He was also a great humanist, and he always made clear--heredity, what is heredity? What you inherit from your father as a trust of $500,000 is not the same heredity that you inherit from your father through the genes. So genetic inheritance and social inheritance are very distinct kinds of things.
He was a very interesting, very _____ man. And I think a year ago or so there was an issue of--there were some reports about him in PNAS where somebody went through and talked about his life and was dedicated to him. He was a wonderful man. _____.
So I came under his influence, but he was still an old-fashioned geneticist. And then there were embryologists, cytologists, physiologists, but still a little bit more connected to cells as understanding life through cells, but not through understanding of the cell through chemistry.
And when I left Columbia to go to graduate school, I went first to Yale to work with another drissophilla [sp.] person, but I found very quickly that my interest was growing in bacteria and the new bacterial genetics that was coming up. And Joshua Letterberg [sp.] wrote a book, a collection of important papers in bacterial genetics, and that book was very important to me.
And then, just very shortly after that, the man who I went to work with wrote a wonderful collection of papers, this man, Edward Addleberg [sp.], at Yale, of papers on bacterial genetics, and this was just the beginning. So ‘51 was the paper by Letterberg [sp.], and this then was about how we know what the nature of mutation is, the nature of infection with viruses, the nature of bacterial mating, where two bacteria come together and DNA is transferred from one bacteria to another, and that was basically Letterberg’s [sp.] major discovery. It really opened up entirely the way to manipulate bacteria so that you could understand the nature of genetics, so you could move genes from one cell to another cell. That was very important.
So, if you looked back, you could see how you can trace a series of mentors and of developments that occurred at a particular time, sort of tended to channel interest in a particular direction.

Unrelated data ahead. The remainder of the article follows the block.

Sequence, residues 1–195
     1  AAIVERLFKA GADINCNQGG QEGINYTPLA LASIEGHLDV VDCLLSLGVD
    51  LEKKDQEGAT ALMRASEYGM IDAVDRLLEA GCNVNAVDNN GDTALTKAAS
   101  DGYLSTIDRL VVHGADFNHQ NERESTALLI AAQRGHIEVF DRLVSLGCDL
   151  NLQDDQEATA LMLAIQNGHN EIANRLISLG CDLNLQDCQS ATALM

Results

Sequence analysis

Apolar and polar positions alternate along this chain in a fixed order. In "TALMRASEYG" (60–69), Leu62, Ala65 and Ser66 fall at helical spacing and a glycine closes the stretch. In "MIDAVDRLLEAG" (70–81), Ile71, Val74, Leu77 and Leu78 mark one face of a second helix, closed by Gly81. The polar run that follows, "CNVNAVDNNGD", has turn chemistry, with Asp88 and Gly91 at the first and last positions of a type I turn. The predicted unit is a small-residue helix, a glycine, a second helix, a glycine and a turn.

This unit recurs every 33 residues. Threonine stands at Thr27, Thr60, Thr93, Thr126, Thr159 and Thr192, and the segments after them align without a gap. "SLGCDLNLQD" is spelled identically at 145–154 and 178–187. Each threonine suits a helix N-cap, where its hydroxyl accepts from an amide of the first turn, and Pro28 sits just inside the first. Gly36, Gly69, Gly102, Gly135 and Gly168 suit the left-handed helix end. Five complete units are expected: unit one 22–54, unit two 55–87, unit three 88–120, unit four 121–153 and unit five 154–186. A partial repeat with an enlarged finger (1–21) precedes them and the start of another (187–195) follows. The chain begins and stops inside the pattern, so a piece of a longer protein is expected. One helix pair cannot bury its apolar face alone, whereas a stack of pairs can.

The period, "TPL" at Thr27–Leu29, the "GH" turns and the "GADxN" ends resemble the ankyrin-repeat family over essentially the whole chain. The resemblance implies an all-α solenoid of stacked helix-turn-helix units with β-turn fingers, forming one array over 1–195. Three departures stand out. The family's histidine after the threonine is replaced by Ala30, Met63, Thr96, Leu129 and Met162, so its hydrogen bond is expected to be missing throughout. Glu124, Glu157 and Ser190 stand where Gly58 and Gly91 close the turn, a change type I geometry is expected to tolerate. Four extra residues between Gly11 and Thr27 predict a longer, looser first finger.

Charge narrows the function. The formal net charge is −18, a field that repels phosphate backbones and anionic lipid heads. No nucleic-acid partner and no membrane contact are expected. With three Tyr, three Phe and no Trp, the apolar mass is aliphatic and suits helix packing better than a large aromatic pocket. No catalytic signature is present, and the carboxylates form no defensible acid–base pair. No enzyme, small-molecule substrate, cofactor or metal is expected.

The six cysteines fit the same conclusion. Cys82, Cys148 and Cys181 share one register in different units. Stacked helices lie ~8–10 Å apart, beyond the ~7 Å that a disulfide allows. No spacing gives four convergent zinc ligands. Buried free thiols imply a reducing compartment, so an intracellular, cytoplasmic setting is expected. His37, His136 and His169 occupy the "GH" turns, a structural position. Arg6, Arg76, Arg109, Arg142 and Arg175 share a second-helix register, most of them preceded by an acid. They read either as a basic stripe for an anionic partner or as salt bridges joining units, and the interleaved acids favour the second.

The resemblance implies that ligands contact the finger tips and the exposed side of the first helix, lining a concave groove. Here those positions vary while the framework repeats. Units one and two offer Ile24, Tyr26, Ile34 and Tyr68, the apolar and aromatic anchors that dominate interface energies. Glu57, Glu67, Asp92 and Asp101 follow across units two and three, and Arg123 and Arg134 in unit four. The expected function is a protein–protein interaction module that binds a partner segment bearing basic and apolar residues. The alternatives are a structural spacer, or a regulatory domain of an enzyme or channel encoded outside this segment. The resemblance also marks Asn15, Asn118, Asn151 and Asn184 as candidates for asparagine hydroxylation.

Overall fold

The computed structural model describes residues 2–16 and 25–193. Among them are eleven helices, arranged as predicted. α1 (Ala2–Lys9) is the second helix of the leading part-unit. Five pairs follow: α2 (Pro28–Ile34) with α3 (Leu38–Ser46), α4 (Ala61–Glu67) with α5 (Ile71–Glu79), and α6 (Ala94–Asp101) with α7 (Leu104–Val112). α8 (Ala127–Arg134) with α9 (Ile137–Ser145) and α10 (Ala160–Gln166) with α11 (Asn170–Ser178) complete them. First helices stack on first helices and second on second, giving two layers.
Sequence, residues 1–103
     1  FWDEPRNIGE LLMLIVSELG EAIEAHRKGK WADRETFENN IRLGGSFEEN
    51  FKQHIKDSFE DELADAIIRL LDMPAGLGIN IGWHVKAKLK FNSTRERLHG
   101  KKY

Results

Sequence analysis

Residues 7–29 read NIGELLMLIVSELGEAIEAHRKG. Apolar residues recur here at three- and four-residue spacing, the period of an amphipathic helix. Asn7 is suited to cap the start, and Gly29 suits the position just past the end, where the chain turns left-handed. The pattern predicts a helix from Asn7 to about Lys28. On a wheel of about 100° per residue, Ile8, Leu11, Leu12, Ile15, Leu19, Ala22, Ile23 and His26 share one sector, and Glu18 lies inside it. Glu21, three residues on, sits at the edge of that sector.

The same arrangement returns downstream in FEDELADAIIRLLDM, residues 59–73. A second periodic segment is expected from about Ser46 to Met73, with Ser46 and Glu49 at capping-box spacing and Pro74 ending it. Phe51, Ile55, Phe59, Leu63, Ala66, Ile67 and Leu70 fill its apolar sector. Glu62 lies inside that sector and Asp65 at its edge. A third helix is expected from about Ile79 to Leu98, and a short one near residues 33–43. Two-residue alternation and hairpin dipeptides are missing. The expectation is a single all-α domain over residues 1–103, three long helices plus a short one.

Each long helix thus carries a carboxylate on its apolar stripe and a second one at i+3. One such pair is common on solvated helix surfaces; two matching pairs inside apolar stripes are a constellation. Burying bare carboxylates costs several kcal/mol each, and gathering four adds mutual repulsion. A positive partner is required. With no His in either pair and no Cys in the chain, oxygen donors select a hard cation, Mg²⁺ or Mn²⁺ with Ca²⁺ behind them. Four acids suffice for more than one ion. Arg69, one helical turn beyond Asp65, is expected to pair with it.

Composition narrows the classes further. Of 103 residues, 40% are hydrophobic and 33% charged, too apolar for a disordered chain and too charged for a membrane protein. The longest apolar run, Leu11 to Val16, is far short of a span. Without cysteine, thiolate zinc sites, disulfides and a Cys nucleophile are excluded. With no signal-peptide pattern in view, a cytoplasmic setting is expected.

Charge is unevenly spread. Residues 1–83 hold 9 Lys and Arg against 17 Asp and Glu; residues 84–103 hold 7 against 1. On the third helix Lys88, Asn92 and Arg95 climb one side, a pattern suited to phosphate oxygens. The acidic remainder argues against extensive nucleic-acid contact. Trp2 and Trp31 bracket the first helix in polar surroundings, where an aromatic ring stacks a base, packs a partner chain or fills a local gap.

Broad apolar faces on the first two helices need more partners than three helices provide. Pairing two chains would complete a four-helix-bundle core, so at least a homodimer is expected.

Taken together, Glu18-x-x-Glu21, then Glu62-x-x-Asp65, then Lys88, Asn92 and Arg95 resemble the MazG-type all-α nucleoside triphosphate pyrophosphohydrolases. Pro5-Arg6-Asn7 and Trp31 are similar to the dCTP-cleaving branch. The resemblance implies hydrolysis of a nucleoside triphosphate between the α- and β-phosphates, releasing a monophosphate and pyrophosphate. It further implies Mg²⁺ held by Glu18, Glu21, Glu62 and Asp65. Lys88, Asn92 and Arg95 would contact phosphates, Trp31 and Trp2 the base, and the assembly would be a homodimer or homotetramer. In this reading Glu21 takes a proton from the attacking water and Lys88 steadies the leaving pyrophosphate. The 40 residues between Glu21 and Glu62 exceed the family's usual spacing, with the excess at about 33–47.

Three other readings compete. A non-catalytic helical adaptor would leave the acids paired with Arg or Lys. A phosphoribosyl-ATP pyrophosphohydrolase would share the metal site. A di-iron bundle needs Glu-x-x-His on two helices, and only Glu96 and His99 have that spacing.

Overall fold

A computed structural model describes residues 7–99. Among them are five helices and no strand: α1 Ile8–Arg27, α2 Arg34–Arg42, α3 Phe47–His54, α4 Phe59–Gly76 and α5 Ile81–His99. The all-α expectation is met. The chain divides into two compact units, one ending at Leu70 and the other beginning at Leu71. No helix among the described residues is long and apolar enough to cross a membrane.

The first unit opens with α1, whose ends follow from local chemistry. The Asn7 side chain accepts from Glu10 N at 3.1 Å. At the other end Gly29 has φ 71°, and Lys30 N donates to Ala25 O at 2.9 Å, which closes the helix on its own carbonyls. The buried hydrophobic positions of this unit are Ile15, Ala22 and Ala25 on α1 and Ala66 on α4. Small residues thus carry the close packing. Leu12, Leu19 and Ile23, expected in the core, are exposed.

So I left the drissophilla [sp.] laboratory and I went to work with this man, Addleberg [sp.], who was over in the medical school in another department, the Department of Microbiology, and that’s where I got my Ph.D.
Park: I see, under him.
Rosner: Under him. But, in fact, he was--I hadn’t completed my degree, and he was going to go away for a year on a sabbatical in Paris, and I met a man by the name of Michael Yarmalinski [sp.], and Yarmalinski [sp.] had just moved to the NIH, to the Laboratory of Molecular Biology. And he invited me to come and finish my degree in his lab.
Park: In his lab.
Rosner: At the NIH, and then stay on and do a postdoc with him.
Park: I see. When did you come?
Rosner: So I came here in 1965.
Rosner: Yes. So it was, I think, September of ‘65, is when I came here, and I started to work with Michael Yarmalinski [sp.]. And then he subsequently left the NIH. He went away to Paris for a few years and I stayed on at the NIH.
Park: In which section?
Rosner: Okay. So, Michael Yarmalinkski [sp.] and Bob Martin [sp.] were the two main people in Bruce Ames’ [sp.] section.
Park: I see.
Rosner: Bob Martin [sp.] worked very closely with Bruce Ames [sp.]. Bob Martin [sp.] did most of the biochemistry; Bruce Ames [sp.] did most of the genetics, and they had a very, very fruitful collaboration for many years. They wrote scores of papers on histidine biosynthesis and the genetic basis of it. Many things came out of that lab.
And then Bruce Ames [sp.] left, and I don’t know--I would say the late ‘60s, early ‘70s, about ‘69 or something.
Park: When Dr. Davies told you _____ Gordon Tompkins’ [sp.] lab.
Park: And Bruce Ames [sp.] said, “Well, it’s time for me to leave.”